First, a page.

Is Nostalgia the Ultimate Selling Tool?

Sep 07, 2015
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One of my earliest memories of eating out was the pure happiness of picking up a toy from a Happy Meal as a kid on a trip to McDonald’s. Although my tastes are now more refined, when this fully grown adult walks past a McDonalds in 2015, I still get the odd flashback of those childhood memories.

I am confident if I were to sit down with the McDonalds marketing department, I am sure they would be the first to admit that these feelings of pleasant nostalgia are no accident and certainly not a unique emotion.

Star Wars is something else that dominated my late-1970s and early-’80s childhood. Naturally, it should be of little surprise that the sight of a Stormtrooper outfit or the sound of a light-sabre is enough to make me giddy with excitement.

Over the years, I have witnessed Geek culture grow from a relatively small yet passionate underground scene to the colossal mainstream audience it receives today. Much of this growth can probably be credited to the explosion of the internet that is guilty of encouraging the over indulgence in celebrating all things nostalgia related.

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Geek statesman Simon Pegg trolled Radio Times magazine by his own admission earlier this year when he said “Nerd culture is the product of a late capitalist conspiracy, designed to infantilize the consumer as a means of non-aggressive control” and also went on to say that  “It is a kind of dumbing down in a way, and it’s taking our focus away from real-world issues”

Now we’re essentially all consuming very childish things – comic books, superheroes… Adults are watching this stuff, and taking it seriously! – Simon Pegg

Pegg then found himself on the wrong end of a backlash and to his credit returned with an incredibly insightful essay that explained how extended adolescence has been cannily co-opted by market forces.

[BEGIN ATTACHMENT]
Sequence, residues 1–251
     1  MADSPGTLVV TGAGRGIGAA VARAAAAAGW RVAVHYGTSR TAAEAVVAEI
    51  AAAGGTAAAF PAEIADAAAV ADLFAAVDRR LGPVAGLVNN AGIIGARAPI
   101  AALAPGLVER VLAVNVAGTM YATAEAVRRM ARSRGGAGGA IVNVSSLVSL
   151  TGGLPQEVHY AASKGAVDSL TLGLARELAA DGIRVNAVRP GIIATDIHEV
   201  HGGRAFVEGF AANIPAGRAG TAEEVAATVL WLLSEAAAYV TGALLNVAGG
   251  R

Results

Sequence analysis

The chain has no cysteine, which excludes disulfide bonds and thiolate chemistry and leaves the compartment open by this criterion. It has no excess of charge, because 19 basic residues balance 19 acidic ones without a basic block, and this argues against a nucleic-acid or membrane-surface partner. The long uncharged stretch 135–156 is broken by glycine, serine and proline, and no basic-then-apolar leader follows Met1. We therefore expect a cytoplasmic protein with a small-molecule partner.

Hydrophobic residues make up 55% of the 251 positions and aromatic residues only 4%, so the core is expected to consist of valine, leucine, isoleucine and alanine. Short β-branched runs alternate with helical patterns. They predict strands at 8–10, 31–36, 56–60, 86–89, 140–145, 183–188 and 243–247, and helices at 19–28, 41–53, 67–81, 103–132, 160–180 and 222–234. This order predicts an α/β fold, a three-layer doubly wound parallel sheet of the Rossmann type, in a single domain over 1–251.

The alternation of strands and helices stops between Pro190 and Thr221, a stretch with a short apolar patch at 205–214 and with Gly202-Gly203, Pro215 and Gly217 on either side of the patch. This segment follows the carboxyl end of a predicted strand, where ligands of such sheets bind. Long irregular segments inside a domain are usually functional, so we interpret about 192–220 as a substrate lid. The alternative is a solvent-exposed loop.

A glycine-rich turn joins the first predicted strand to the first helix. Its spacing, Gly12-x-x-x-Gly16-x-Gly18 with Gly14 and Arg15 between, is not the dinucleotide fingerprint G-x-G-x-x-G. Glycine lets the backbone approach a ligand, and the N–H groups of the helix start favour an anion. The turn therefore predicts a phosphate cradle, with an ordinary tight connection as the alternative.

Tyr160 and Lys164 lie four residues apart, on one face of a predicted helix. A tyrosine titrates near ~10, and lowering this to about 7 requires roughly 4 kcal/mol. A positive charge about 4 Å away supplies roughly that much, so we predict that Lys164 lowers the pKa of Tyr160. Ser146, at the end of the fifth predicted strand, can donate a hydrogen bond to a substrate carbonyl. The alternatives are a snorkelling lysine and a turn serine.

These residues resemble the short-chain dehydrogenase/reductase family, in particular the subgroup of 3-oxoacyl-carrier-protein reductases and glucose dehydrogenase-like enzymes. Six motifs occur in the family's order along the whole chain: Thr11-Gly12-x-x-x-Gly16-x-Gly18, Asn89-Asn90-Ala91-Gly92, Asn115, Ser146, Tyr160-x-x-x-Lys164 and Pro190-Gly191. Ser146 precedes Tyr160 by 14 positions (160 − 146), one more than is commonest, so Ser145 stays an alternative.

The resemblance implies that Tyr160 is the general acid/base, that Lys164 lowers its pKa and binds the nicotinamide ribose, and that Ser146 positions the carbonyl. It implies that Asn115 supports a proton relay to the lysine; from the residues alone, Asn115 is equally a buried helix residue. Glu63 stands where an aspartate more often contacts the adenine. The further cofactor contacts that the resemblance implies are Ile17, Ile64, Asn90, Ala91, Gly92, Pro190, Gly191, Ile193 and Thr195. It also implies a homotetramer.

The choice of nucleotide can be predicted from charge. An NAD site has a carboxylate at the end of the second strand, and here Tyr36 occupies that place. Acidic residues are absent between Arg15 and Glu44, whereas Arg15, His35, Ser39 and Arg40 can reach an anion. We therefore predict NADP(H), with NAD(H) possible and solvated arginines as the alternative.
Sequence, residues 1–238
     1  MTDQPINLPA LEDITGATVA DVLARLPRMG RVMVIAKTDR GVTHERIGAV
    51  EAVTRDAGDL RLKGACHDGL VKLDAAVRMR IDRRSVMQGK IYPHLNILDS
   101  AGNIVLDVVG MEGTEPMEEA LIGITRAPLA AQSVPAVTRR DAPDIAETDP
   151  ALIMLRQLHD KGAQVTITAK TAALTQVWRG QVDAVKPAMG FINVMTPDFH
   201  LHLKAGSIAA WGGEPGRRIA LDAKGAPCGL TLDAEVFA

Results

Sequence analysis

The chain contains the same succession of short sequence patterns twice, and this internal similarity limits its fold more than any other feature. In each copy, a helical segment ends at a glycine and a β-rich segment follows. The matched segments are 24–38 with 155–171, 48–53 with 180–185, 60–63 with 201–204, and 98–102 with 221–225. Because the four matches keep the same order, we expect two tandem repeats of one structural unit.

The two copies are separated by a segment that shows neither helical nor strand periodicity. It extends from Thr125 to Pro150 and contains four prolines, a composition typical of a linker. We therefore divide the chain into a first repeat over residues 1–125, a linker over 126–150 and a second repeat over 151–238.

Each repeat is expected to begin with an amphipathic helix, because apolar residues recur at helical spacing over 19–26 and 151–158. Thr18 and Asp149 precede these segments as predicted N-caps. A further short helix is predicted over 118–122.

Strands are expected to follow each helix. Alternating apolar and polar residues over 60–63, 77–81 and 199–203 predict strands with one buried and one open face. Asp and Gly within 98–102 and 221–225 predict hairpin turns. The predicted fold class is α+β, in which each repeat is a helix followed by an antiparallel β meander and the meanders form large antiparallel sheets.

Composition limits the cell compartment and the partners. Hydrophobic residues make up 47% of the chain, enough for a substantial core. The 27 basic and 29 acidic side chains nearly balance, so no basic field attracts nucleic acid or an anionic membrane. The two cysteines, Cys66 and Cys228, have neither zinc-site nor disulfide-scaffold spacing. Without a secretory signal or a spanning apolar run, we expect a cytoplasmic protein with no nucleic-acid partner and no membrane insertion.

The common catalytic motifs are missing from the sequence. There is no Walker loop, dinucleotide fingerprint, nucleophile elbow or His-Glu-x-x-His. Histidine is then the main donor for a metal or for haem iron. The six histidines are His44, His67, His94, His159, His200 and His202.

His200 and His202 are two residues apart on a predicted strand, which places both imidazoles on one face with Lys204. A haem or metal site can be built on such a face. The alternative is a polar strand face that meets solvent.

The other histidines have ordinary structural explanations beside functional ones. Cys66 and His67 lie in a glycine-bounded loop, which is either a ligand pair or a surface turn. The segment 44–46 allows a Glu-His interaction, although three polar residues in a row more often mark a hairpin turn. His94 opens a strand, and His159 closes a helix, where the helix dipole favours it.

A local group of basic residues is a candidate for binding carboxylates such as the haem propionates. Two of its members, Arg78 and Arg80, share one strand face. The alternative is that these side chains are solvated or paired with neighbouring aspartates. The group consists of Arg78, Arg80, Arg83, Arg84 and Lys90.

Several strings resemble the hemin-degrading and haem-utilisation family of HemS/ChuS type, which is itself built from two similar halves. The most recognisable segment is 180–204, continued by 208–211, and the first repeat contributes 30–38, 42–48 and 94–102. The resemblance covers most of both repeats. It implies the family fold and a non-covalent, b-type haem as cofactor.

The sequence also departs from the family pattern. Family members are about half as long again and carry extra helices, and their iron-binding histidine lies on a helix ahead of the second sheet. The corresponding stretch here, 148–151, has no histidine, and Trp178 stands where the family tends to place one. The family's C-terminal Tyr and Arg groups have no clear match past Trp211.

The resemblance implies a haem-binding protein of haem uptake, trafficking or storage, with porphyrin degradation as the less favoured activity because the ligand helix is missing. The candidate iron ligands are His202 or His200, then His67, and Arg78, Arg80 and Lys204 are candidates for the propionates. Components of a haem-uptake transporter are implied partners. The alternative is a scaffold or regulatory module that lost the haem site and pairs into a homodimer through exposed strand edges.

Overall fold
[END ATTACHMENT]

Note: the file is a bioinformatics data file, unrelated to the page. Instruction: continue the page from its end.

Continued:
I am more than aware of the fine line when talking about such matters, and I run a risk of flirting with the tin foil hat brigade and their wild theories. However, it seems that everywhere I look, I am faced with a hefty dose of good old-fashioned nostalgia in a world where adult colouring books have become the norm.

There is Timehop on Facebook that is keen to tell me exactly what photo I posted 7 years ago. Meanwhile, Buzzfeed strongly urges me to tell the world which Breakfast Club character I resemble and even find myself fascinated watching the unboxing of toys on the internet along with millions of others.

Despite the next Star Wars movie being three months away from arriving on our cinema screens. The New York Times is predicting an insane $615 million opening weekend that has prompted Disney to turn their 24/7 marketing campaign up to warp factor 9 with Force Friday last week.

If the queues and excitement were anything to go by, you can be sure that the expensive BB-8 toy ($125) will be the gift that parents need to secure very early to avoid disappointment on Christmas morning. Ironically, this latest Star Wars toy is probably high on the Christmas list of both parent and child that illustrates just how much all ages have invested into nostalgia and geekery.

Whatever your opinion, you can be sure that you won’t be able to hide from anything Star Wars related over the next few months.  Nostalgia will continue to be used as an extremely efficient tool for selling, and it’s important to remember that many Bothans died to bring us this information (shameless Star Wars joke)

Do you think nostalgia and geek culture have become tools to sell more products?

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